Opportunist: Please tell us more about ListingDoor.
Sissy Lappin: I like to call it a marketing firm. For somebody who wants to sell their own home, there are all the components they need. So instead of having to go to one site and then another, we have put it all on one website. And more importantly, everything on our website has been tested. It’s not based on theory; it’s based on practice. I know real estate like the back of my hand. I’ve been through three recessions.
We have a pricing report, which we call our intel report. That data comes to us in 15 pages and we simplify it into five. It gives you a value of your home, which is a starting point. We walk you through all the steps to take the sold, actives and the condition of your home and price it on the market. It’s a little worksheet and it takes less than 15 minutes to price your home.
Step 2, you need marketing materials for your home. You receive a sign to place in front of your home that has a URL that people can type into their smartphone and pull up a virtual tour on your house and everything they want to know about it in five seconds. You also get brochures. You give us your ZIP code and the very next day your marketing materials arrive at your local FedEx for you to pick up. Everything we do is about your home. You get a designated website just for your home that is free of ads or competing with all the other listings. It’s a wonderful template. We even tested the color green on the side. You can drag and drop photos. And if you don’t have good photos, we will send a photographer to your home.
Step 3, you click a button that pushes it out to all the major websites. Putting it on MLS is an upgrade. Everybody is looking on Zillow and Trulia, Yahoo Homes. We also do a Facebook ad campaign that shows the home in front of people on Facebook. We figure out the demographics in your area and who is looking for homes. We are having great success with the Facebook ads. Those things are going viral. One home had 1,600 hits in a week. I couldn’t do that if I was with Sotheby’s in New York. [Laughs] We do Instagram as well. It’s super easy because Facebook owns Instagram and you just check the box. The key is pulling the demographics correctly for the specific area.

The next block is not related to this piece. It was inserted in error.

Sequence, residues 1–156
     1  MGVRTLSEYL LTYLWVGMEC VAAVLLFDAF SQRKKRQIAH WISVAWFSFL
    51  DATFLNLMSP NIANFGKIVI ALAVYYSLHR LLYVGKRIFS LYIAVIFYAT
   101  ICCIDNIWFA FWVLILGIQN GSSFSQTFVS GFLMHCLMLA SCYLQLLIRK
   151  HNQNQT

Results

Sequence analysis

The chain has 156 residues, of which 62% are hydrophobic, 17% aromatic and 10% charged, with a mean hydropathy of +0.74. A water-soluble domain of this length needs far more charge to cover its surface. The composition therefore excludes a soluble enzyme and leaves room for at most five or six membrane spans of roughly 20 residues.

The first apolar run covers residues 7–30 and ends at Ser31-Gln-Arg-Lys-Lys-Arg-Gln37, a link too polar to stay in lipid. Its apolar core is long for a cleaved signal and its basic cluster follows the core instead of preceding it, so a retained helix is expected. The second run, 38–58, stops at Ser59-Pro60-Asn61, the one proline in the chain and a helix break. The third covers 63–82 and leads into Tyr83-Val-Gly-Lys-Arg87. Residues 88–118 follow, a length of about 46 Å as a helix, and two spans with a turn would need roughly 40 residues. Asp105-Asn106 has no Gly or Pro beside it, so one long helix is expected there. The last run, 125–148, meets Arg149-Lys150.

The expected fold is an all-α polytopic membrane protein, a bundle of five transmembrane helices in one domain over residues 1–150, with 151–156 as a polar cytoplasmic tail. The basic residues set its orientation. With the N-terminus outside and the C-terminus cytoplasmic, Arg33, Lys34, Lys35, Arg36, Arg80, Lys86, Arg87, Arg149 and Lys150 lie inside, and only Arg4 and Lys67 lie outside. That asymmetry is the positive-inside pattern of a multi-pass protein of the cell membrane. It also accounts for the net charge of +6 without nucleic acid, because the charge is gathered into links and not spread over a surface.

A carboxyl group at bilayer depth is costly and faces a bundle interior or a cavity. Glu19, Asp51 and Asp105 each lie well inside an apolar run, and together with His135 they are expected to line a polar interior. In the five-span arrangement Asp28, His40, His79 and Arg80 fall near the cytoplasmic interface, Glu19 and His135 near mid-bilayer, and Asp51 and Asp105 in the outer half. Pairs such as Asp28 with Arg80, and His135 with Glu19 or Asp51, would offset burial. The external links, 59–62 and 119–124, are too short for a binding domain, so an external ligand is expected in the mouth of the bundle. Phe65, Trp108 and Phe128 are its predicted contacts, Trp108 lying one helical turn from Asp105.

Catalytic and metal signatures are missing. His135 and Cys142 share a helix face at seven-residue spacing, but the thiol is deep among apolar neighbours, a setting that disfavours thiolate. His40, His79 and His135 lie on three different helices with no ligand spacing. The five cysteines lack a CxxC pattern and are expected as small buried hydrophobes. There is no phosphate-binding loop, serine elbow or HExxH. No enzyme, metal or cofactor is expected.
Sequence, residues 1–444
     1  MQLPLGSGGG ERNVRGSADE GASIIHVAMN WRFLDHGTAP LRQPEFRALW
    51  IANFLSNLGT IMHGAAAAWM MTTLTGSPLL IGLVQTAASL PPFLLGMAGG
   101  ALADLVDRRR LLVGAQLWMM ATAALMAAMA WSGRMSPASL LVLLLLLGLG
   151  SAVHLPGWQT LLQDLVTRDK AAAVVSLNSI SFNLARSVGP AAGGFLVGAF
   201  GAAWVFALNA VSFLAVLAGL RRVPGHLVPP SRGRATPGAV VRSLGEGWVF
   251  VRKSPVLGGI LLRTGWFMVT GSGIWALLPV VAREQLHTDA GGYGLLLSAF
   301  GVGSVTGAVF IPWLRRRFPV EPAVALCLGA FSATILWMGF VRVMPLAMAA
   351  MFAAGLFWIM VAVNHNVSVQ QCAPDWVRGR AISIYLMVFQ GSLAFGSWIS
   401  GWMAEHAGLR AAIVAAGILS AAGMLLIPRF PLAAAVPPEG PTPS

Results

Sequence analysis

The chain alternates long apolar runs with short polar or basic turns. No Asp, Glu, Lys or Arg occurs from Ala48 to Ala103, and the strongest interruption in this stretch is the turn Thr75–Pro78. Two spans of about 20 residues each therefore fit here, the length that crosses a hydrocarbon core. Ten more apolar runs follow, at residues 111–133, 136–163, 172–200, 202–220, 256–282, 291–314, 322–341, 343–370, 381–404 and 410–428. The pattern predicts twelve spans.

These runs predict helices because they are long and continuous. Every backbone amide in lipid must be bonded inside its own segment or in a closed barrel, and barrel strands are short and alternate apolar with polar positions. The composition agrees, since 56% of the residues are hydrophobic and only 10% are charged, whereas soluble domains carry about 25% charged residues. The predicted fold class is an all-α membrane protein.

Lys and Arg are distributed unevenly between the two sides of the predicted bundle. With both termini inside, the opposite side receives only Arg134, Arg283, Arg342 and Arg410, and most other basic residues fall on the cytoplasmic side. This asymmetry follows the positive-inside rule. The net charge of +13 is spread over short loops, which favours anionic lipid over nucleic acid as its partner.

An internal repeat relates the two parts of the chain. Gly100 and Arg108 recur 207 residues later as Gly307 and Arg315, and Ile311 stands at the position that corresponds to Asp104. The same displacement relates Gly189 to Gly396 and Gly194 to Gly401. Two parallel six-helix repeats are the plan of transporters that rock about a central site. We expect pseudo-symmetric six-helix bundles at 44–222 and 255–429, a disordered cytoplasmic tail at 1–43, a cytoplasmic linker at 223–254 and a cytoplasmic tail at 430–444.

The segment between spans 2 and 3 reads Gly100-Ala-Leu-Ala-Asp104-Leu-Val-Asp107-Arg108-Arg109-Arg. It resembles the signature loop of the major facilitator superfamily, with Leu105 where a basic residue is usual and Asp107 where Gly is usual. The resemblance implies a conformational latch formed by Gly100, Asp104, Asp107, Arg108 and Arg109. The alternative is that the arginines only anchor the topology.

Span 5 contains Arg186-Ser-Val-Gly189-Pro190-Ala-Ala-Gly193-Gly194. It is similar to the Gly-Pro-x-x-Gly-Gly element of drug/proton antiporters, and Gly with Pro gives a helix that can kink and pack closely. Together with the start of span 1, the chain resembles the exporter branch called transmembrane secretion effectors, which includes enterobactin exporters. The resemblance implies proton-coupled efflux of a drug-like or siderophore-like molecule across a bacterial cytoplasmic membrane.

Opportunist: Are your services available to potential sellers across the country?
Sissy Lappin: Yes, we are national. When FedEx signed the agreement with us that opened up a whole new level of service. We even have real estate agents using it because the graphics are so good. Realtors have told me they love the personalized sign, the personalized website. There are some who have used ListingDoor for the professional marketing services. Let me tell you, that shocked us. We have also had licensed agents use ListingDoor to sell their personal homes.
Opportunist: What was involved in creating ListingDoor?
Sissy Lappin: My husband oversaw programmers for Dell computers and Quest. He’s an automations systems expert. He was called in to make something more systematic and automated and more efficient So I couldn’t have done this by myself. We also have five of the best programmers I’ve ever seen. It’s funny because I would tell the programmers I need this, this and this and joke that there’s real time and programming time. And one of the programmers said, ‘Do you understand the code in this is the equivalent of the code in eBay?’ That is when it hit home. They have these charts on everything and all I care about is the end product? [Laughs] And the customer just wants to know whether their sign is going to be FedEx’d the next day. The programmers are a great group of guys who do not get thanked enough.